Miguel Bessa and Richard Norte, researchers at the TU Delft at the Faculty of Mechanical,
Maritime and Materials Engineering have been awarded an Interstellar Initiatives Grant
from the Limitless Space Institute.The award is for their research ‘Origami Photonic
Crystal Sails with Machine Learning’. Their research focus is about the development
and demonstration of nanoscale origami photonic crystal membranes using
data-driven machine learning.
The Limitless Space Institute recently awarded the researchers a grant to get this origami
mirror technology off the ground for uses in space optics, communications and ultra-fast
propulsion of space probes with radiation pressure. This collaboration is centered on the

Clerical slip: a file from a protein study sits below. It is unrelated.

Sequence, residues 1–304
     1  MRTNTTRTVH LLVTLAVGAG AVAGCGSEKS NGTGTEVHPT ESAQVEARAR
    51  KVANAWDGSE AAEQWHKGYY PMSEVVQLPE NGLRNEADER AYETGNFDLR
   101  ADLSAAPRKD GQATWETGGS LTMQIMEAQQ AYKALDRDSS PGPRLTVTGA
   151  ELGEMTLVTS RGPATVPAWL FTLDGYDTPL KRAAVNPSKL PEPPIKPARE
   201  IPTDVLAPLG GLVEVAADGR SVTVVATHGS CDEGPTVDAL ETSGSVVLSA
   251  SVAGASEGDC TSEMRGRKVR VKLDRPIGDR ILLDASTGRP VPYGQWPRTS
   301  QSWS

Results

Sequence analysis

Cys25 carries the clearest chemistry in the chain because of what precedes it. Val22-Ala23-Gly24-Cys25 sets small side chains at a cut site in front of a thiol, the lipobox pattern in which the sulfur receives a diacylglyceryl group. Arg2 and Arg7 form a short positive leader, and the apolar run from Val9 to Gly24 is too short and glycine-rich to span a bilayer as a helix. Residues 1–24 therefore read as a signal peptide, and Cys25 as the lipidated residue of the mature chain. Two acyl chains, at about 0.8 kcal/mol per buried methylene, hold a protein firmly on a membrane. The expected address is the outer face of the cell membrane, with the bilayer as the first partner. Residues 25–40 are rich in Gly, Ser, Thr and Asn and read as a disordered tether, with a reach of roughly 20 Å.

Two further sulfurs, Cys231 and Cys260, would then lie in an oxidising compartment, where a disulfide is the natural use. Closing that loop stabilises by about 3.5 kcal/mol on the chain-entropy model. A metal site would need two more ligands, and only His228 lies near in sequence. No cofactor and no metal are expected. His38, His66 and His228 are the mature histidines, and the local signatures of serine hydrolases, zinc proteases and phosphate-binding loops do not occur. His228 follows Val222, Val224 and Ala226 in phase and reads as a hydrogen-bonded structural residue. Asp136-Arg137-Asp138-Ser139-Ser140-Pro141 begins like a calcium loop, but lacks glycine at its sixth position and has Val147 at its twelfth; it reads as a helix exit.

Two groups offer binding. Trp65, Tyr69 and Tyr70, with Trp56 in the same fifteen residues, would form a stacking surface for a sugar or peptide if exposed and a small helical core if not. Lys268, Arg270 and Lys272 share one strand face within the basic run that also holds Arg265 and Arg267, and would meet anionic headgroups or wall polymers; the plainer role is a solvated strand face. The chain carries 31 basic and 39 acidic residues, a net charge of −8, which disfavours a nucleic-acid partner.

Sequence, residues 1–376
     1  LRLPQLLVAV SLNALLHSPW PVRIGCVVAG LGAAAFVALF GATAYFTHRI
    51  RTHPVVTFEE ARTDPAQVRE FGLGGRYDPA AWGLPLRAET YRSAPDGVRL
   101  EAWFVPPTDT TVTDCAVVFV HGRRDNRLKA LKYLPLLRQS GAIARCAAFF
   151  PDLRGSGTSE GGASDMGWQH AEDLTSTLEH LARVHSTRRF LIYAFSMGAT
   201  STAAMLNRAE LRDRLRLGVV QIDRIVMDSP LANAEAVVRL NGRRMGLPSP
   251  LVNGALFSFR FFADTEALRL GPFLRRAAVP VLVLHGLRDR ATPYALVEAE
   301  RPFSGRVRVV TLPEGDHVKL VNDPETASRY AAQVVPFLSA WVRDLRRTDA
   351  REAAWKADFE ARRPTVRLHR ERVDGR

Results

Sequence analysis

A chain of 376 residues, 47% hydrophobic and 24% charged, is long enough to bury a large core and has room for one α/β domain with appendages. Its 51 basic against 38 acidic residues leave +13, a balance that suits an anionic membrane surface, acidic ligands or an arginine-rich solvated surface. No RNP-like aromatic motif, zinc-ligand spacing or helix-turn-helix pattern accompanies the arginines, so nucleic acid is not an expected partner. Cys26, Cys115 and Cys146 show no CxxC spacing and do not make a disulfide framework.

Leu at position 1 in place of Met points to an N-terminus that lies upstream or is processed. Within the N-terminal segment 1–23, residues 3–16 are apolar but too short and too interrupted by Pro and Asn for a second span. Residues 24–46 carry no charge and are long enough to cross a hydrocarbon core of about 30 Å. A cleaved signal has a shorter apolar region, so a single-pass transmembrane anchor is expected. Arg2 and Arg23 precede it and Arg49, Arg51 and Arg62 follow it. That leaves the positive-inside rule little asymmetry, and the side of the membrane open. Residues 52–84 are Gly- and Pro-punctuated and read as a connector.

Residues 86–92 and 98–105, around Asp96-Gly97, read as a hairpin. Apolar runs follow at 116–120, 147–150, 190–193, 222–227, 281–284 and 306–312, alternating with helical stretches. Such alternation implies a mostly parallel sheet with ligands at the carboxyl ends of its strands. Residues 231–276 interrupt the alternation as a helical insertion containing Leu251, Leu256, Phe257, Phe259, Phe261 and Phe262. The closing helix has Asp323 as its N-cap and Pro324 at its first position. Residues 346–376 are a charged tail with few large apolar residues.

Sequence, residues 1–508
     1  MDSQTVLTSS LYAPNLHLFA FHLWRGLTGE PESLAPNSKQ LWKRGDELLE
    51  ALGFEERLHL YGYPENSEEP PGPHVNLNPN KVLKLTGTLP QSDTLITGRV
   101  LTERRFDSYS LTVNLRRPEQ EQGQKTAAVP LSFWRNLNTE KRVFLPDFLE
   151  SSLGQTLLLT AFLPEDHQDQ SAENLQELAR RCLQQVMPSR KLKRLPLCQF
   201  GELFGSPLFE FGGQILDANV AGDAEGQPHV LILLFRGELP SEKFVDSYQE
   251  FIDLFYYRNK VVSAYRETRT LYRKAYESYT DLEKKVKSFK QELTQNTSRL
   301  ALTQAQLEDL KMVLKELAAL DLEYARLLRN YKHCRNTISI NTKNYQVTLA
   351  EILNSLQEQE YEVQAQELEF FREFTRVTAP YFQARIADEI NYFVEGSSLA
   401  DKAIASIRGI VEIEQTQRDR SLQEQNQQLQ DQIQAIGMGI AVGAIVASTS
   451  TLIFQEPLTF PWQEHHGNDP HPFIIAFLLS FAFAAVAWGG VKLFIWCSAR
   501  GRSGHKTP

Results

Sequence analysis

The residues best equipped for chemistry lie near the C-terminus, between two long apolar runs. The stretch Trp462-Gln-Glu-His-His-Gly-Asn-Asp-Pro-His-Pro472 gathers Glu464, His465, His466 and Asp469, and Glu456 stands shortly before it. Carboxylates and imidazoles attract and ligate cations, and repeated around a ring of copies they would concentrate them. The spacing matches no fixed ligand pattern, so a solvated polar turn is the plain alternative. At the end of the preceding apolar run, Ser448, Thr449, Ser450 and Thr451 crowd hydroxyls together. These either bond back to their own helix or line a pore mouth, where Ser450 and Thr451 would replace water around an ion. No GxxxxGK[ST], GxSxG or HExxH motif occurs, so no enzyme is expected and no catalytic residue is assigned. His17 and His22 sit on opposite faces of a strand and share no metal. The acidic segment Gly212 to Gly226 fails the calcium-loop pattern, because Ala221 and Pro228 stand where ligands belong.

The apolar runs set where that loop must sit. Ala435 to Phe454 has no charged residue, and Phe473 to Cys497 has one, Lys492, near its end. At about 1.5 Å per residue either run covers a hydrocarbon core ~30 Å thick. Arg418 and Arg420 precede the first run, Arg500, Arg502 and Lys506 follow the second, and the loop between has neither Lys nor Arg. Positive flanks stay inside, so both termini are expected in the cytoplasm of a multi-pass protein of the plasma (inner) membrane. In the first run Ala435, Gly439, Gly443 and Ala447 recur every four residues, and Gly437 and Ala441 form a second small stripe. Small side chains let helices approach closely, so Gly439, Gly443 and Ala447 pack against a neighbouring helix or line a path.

combination of Richard Norte’snanophotonics with Miguel Bessa’s expertise in machine
learning designing for origami structures. This new research route came about nearly a year
ago when Miguel and Richard received a Cohesion grant to begin their scientific collaboration.
The research is now looking into how machine learning optimization can be used to optimize
nanotechnology in a way that would be difficult to conventional, intuition-based techniques.
Richard Norte and Miguel Bessa are currently manufacturing the world’s most
lightweight mirrors that are manufactured from nanometre-thick films of glass,
which are naturally only about 30% reflective.
These mirrors are some of the thinnest and most flexible mirrors ever made because of their
thickness of only 50nm – equivalent to 1/1000th the diameter of a human hair – and an ability
to reflect 99.9% of light that reflects from it. By patterning these materials at a nanoscale,
Norte and Bessa change these films from a thin sheet of glass into a super-reflective material
not found in nature but engineered in a cleanroom.